I looked back at this post and realized I’ve been working on these quilts since August.

Really, I had lost track of time.


These quilts pushed me as a quilter. I started with a tiny idea, for some paper-pieced improv chevron blocks. I pulled some fabric; my friends and I changed our minds; I puttered and thought and hemmed and hawed. I don’t usually make quilts without patterns, you see, and starting these was a creative free-fall.


What if I ran out of fabric? Chicopee is still fairly easy to find but…what if it stopped being easy to find, right at the wrong moment? What if the block design was splitty and unstable? What if it all just looked like crap? What if I couldn’t finish them on time? What if I didn’t make them big enough? (I’m still a little nervous on that count. These suckers shrank big-time when I washed them, so they’re cutting it close width-wise.)

And then the even more insidious worries, like, what if I think I’m being creative and original and really I just saw something like this on the internet, forgot, and then regurgitated it. What if my friends say they like them and really, they don’t.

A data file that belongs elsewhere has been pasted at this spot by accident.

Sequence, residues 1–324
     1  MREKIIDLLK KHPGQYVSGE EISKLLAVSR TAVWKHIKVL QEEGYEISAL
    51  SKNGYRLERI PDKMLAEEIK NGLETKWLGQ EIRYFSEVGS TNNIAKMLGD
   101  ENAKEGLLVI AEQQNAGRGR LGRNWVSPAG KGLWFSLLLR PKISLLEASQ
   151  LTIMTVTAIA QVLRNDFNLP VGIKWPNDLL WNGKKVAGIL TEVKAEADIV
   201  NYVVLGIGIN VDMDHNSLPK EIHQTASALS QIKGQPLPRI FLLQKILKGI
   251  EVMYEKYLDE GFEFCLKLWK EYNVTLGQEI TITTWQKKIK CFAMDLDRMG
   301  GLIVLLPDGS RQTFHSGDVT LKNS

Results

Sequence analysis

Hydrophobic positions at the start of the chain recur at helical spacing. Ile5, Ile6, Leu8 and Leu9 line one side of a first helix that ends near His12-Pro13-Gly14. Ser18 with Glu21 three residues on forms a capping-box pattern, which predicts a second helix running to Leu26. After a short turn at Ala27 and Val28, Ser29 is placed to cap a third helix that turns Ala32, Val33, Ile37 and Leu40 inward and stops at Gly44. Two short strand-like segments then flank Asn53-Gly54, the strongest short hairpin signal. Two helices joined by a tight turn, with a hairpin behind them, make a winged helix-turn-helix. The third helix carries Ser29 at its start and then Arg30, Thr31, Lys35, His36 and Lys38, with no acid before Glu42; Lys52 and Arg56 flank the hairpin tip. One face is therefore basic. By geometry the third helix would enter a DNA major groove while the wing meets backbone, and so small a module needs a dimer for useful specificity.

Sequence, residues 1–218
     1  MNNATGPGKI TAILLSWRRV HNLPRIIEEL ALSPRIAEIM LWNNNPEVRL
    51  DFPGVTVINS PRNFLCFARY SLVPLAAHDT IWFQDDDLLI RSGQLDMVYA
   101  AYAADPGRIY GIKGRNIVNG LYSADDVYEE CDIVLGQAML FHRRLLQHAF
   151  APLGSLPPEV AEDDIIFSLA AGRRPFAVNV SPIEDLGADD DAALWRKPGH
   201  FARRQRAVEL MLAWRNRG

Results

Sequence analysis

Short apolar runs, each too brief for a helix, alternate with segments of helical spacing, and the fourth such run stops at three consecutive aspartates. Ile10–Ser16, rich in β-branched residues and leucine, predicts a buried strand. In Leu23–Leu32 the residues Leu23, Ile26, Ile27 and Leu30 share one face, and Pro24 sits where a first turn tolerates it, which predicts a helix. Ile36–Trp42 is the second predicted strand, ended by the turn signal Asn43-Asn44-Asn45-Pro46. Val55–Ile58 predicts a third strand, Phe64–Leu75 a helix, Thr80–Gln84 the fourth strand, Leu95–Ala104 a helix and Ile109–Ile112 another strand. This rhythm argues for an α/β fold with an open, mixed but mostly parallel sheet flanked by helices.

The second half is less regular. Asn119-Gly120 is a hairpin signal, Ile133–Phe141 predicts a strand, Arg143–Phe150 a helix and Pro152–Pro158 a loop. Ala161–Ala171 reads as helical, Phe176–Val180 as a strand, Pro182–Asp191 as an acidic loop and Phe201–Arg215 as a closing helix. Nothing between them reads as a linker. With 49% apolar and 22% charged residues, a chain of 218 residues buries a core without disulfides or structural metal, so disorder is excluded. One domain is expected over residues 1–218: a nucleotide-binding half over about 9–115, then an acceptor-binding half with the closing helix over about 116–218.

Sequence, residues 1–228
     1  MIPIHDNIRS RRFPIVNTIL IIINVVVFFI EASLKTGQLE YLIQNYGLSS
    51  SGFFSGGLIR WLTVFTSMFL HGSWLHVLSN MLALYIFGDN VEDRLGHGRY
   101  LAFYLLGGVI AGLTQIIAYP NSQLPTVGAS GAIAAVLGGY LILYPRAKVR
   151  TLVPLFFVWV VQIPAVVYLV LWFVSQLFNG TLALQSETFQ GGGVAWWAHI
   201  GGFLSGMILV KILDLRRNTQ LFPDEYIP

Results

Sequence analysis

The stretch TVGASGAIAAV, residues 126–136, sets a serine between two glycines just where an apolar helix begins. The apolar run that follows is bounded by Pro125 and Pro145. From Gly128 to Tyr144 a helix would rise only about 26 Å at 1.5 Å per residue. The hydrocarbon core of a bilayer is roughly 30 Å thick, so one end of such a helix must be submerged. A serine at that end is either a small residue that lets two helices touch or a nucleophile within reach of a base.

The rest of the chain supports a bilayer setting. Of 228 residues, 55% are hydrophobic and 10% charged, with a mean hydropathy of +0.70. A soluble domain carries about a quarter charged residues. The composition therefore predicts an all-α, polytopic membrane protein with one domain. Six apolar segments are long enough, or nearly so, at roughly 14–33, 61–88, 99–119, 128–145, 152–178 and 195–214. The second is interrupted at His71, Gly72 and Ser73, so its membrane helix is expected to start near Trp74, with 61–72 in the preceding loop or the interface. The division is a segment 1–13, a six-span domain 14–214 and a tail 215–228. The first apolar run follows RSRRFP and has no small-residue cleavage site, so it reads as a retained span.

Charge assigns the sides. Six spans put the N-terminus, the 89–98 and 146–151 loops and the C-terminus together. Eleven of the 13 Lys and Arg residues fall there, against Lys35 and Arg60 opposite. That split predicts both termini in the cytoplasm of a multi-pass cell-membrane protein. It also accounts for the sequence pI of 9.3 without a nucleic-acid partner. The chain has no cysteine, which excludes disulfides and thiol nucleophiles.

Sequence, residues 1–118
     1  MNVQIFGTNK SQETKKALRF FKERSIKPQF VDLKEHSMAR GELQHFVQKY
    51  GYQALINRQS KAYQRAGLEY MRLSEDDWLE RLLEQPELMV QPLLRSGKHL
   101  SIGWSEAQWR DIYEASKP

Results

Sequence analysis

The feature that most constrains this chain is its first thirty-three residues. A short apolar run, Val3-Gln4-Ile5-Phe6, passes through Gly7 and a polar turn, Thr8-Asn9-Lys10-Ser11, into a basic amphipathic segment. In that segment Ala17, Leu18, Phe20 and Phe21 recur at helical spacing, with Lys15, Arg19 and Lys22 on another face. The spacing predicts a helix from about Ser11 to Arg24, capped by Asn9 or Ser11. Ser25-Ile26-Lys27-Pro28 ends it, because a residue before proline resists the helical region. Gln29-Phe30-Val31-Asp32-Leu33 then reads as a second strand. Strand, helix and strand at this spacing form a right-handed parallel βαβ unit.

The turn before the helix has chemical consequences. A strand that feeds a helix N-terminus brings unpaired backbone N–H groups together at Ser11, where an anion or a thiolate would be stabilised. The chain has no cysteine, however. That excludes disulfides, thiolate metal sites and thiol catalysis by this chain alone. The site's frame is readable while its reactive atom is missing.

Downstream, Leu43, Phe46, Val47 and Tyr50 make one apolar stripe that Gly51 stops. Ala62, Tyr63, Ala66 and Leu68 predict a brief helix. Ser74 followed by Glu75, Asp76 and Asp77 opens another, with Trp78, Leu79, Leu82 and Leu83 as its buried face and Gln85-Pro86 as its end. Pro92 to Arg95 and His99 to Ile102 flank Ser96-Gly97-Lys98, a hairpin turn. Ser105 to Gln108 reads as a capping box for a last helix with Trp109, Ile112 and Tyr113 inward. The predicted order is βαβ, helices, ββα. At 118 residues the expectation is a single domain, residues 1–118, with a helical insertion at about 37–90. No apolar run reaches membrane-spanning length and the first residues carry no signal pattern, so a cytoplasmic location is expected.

So, to me, these quilts have ended up being about me as a creator. About pushing aside those evil voices that nag at you when you’re working–voices that sometimes make you put down your work in discouragement.


I’ll be pleased to make a couple of quilts from patterns as my “next things,” but these have taught me that I can make something wild and beautiful that comes out of my own head. I can trust myself to do the quilt math, and make all the blocks, and do 20 hours of straight-line quilting, and produce quilted work that I’m very proud of.


I’ll be mailing my big babies off on Monday, to make my friends’ home a little warmer for Thanksgiving guests. I couldn’t be gladder that I took on this challenge–and I couldn’t be prouder of the results.